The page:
Some Reflections on the Tragedy at Virginia Tech
The tragic shooting of thirty-two students and faculty at Virginia Polytechnic University last month should prompt some serious questions. One, of course, is how it is that an obviously deranged or mentally disturbed student was allowed to continue as a resident in a college dorm, even after authorities had taken it into their hands to have him temporarily committed to a mental institution on the basis of his possibly being a danger to himself and to others. How a clinic could come to any certain conclusion regarding his mental or emotional stability on the basis of his being there over one day and night is hard to fathom. One can only suppose that the reluctance of politicians to implement an adequate public health care system in this country has something to do with it and it is probably no wonder that the system released him as quickly as it possibly could.
Then, as if this wasn’t enough, this same person was able to walk into a pawn shop and after lying about his brief hospitalization in a required but apparently unverified background check, walk out with one of the deadliest handguns in the world, a 9mm. Glock semi-automatic pistol, lightweight and easily concealed, and capable of firing nearly a dozen shots without reloading, and several times that many when supplemented by special high capacity ammunition clips. All this in addition to an even more easily concealed .22 caliber semi-automatic pistol, which although packing less of a punch than the 9mm., is easily capable of killing a person, especially at close range. Armed with both of these weapons, the killer, after taking time out to mail his picture and written diatribes against society to NBC after killing his first two victims, fired nearly two-hundred rounds in the space of nine minutes to kill thirty more persons and finally, himself. That such weapons, which only by a far stretch of the imagination be considered “sporting” firearms, can be legally owned by anyone other than law-enforcement officers certainly gives cause in much of the world to doubt American sanity. If people, not guns (by themselves) kill people, this tragedy proves that people with some kinds of guns can kill more people than anyone else.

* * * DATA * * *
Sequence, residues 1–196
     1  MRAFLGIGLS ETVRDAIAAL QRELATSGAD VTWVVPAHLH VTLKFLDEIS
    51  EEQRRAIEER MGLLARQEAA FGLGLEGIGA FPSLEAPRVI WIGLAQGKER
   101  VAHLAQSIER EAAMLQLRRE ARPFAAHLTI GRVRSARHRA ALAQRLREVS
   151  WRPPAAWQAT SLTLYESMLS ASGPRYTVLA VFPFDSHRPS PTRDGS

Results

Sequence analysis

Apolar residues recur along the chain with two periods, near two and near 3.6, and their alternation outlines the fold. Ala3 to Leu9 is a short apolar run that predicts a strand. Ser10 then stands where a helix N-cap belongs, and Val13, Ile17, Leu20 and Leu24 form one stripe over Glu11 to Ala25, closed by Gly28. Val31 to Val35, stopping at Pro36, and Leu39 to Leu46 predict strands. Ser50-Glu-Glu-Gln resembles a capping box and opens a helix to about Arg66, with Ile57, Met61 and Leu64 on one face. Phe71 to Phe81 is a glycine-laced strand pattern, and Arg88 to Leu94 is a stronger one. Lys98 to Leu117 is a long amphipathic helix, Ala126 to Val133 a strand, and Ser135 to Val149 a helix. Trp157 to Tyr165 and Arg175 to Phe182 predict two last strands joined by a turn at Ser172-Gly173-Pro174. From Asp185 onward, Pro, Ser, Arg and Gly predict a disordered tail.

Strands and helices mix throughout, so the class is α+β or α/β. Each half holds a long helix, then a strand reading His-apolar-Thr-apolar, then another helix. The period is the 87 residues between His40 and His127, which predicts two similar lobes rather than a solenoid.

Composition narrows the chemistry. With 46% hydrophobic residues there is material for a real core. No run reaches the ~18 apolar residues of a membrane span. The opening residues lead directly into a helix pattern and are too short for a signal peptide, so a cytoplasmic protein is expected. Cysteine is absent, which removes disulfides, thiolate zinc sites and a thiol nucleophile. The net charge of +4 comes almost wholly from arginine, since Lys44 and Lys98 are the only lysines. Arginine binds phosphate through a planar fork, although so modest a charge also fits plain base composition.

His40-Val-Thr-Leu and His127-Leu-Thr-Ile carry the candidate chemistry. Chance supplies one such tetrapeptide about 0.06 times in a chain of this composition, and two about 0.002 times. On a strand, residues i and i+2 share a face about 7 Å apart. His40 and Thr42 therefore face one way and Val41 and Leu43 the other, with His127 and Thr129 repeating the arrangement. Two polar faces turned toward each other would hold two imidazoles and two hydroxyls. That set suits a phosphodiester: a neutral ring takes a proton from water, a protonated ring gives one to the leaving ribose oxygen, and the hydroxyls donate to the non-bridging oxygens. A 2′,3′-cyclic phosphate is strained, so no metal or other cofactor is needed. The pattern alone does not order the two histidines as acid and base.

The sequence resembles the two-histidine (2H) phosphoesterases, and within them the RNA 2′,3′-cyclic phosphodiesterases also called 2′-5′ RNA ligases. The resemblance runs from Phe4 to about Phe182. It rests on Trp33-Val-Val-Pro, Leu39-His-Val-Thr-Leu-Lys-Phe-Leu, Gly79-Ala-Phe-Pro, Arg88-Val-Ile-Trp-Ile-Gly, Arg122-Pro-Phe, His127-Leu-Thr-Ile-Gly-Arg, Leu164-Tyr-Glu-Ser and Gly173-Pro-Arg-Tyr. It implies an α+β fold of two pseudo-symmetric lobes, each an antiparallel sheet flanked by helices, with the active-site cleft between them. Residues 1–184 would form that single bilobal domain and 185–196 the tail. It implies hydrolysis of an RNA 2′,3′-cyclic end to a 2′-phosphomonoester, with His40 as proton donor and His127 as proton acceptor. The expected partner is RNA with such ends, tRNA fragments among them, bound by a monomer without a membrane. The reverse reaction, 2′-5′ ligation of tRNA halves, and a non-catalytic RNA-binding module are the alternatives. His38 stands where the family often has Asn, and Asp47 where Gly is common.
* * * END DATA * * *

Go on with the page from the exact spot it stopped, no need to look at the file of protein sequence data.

But these rather obvious conclusions don’t answer another question that I’m afraid we also have to ask. Many people, after hearing that the shooter was a Korean immigrant, seemed to assume that he wasn’t a Christian. In other words, not somebody like us. Wrong: Korea has the second highest percentage of Christians (after the Philippines) in the far east. Whether he was attending church at all while in college, I don’t know, but according to reports he had been a member of a Christian youth group while in high school. And while the rantings he sent to NBC expressed outrage and hate towards other he considered to be richer and more privileged than himself, all this was capped by an expressed wish “to die like Jesus” — apparently trying to see himself as a Christ-like victim of a cruel and hateful world.
Of course this deranged young man was, at least at this point, clearly out of his mind. But these statements got me wondering if the violence in our society also has something to do with our Christianity, or a distorted version of it. When I commented to some friends about the murder rate in Japan (where handguns are illegal for all except law officers and security guards) is only about one-sixth of what it is in the USA, it was pointed out that the Japanese have a very different culture — which is certainly true, with Christians making up less than 1%. Is there something about Christianity and its ideas of divine punishment and its image of a Redeemer whose suffering somehow makes things right? But even if that latter is the case, how can we square our use of violence, even if for the sake of justice or even self-defense, if the Redeemer himself had to renounce all that in order to set us free? Free from what — if not sin and more violence? If so, then something has gone horribly wrong, not just in the mind of demented college student, but perhaps in our understanding of Christianity as well.